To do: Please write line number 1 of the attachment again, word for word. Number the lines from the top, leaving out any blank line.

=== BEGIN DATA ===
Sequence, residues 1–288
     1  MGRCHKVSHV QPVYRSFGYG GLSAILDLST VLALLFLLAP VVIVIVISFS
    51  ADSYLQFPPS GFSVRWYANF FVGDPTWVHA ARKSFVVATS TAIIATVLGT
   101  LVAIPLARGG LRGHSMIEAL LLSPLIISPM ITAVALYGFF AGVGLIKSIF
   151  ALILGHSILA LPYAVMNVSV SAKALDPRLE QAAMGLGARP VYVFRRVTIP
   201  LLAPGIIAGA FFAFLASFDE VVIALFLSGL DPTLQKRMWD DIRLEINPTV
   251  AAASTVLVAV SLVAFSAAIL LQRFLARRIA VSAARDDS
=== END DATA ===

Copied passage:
Sequence, residues 1–288